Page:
stickers, magnets, mouse pads, signs and
license plates, all designed by their in-house
team of professional artists and designers.
For the ladies, Salty Bones is developing
an extensive line of products for shing and
diving. Presently available are short- and
long-sleeved shirts, tanks, caps and visors.
e Salty Bones company is also working
with several manufacturers of women’s
outdoor and shing apparel, so that Salty
Bones may continue to develop appealing
products, specically with the ladies in mind.
Salty Bones will be expanding their ladies’ line
to include tote bags, hoodies, sandals, belts,
and wind breakers, as well as some very cool
oshore shing sun-protection clothing.
A colorful line of new products for the
children is also being developed and will be
available soon.
For those not into the hardcore image,
Salty Bones has designed a logo with a soer
appeal and more conservative designs.
Either way, there will soon be something for
everyone.
Salty Bones is a subsidiary of Advanced
Graphics, Inc, a 32 year old company, which
sells to major retailers around the nation and
serves over 600 independent retail accounts.
eir products are available in dive shops
and shing tackle retailers around the coastal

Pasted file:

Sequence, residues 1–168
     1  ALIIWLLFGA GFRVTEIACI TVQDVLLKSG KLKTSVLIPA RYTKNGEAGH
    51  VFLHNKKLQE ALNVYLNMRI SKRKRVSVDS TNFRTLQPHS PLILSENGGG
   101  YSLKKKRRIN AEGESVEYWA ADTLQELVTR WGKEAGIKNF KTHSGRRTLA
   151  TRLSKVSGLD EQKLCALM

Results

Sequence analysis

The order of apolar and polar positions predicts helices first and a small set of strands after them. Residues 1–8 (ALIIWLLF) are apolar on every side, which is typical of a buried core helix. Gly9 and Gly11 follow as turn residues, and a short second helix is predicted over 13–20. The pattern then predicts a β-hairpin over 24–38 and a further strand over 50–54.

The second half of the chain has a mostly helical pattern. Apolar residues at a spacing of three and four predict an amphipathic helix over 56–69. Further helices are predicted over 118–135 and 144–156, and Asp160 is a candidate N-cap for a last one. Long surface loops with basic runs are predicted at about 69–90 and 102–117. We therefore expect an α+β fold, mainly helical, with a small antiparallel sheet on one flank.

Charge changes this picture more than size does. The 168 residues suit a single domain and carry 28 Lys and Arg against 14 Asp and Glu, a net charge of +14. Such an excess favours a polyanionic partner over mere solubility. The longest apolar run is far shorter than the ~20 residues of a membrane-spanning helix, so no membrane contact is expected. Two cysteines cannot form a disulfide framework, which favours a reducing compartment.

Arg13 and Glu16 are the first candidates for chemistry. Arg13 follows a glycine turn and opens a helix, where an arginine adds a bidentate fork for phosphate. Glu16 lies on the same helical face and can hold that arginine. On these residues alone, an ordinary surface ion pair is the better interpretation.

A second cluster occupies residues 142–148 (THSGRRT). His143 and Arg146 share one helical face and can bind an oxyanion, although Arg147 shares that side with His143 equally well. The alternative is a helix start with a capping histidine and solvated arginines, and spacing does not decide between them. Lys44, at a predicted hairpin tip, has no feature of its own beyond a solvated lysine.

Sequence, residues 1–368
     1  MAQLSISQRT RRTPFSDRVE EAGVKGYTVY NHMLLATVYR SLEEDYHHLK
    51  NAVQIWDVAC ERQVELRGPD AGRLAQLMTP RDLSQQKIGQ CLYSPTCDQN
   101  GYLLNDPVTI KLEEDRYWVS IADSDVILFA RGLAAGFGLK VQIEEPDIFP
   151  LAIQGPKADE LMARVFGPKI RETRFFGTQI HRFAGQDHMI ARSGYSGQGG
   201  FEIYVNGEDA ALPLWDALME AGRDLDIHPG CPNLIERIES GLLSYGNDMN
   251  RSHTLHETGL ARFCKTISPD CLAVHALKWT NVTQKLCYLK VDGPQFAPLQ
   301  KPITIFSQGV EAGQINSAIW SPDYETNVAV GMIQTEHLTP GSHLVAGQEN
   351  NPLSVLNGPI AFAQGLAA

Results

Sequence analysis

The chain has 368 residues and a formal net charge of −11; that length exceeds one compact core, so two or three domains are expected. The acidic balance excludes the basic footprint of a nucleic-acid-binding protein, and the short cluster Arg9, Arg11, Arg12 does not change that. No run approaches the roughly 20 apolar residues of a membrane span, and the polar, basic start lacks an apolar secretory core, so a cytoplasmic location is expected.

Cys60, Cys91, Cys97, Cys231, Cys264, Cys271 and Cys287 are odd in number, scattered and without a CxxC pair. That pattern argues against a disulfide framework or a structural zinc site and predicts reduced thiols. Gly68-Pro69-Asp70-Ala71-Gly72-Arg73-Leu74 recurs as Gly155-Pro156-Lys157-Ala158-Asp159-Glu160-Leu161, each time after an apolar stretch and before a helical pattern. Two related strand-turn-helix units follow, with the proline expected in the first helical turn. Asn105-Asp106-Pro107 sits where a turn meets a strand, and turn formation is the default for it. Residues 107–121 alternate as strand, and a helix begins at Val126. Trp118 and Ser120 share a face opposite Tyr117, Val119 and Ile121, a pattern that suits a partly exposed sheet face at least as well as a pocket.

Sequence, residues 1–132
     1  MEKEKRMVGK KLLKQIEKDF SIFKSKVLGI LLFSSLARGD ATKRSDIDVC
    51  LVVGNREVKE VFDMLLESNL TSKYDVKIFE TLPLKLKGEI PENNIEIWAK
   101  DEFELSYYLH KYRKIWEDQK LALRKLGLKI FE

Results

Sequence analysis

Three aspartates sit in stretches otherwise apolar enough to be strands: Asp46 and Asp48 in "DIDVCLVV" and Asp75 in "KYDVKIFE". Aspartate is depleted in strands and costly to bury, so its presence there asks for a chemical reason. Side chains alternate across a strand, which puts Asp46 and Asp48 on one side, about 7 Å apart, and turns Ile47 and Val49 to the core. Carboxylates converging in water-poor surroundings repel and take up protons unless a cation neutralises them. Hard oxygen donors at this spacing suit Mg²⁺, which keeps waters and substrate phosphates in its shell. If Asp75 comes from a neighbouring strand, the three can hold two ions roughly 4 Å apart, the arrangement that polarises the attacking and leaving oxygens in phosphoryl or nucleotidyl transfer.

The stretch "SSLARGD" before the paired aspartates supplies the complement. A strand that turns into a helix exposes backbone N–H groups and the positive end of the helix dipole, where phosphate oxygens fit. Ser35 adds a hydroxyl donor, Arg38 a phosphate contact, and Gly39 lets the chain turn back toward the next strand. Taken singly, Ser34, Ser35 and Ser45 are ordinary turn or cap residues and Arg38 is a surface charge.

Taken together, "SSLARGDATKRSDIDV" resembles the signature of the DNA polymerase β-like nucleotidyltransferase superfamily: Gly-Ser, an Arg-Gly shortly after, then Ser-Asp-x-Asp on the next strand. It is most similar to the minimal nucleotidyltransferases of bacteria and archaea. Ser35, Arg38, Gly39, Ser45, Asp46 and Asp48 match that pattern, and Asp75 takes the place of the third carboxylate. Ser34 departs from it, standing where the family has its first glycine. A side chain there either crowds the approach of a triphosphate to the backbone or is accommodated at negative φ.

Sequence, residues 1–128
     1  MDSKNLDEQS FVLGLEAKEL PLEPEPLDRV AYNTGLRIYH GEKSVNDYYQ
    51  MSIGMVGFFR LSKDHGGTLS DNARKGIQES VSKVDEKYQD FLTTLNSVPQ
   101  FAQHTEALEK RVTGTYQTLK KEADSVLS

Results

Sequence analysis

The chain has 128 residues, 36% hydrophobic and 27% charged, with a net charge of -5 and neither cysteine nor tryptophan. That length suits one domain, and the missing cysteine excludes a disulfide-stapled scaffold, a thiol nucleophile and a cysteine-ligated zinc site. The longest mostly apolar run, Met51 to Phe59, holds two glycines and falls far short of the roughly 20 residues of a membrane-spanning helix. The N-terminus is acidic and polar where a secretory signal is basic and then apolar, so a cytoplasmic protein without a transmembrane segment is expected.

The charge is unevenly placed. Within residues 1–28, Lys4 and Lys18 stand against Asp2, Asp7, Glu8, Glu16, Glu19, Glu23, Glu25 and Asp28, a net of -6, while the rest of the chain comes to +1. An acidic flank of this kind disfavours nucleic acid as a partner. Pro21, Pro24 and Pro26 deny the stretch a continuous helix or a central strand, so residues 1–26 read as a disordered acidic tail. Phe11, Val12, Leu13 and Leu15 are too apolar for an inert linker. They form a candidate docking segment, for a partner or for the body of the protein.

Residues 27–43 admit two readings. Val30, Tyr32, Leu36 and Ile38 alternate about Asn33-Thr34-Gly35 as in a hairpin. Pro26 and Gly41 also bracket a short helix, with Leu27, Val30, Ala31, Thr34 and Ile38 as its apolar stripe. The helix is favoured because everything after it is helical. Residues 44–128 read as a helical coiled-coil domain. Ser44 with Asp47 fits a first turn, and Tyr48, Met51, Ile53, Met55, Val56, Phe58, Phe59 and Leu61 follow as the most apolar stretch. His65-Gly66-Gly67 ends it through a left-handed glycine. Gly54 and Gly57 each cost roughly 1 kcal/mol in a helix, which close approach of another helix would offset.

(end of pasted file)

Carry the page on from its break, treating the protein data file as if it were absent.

U.S., as well as online at www.saltybones.
com. Salty Bones, which is under expansion,
manufactures all of their products at their
Cocoa facility, and welcomes the opportunity
for private label manufacturing with other
companies in the industry, as well as custom
orders.
Most recently, the Salty Bones company
displayed their product line at the 2010
Miami International Boat Show, 2009 Diving
Equipment Marketing Association Show,
Surf Expo and ICAST. Salty Bones plans to
exhibit at the upcoming Florida Sportsman
Show, as well as e Blue Wild Diving and
Spearshing Show in Ft. Lauderdale, June
5-6, 2010, just to mention a few.
Rick Dean, owner of Salty Bones, is an
avid dive master and retired commercial
sherman. During Rick’s extensive travels,
he enjoys underwater photography and
videography, which inspires creativity for his
Salty Bones product line. Sales Manager,
David Lane, also an avid sherman and diver,
enjoys being involved with a company that is
so creative in the sports he personally enjoys.
General Manager, Rick Hanley, laughed
and said, “With all the excitement at the
company, things can get a little crazy around
here.”
During the month of April, Salty Bones
invites all Coastal Angler Magazine readers to
visit www.saltybones.com and shop for their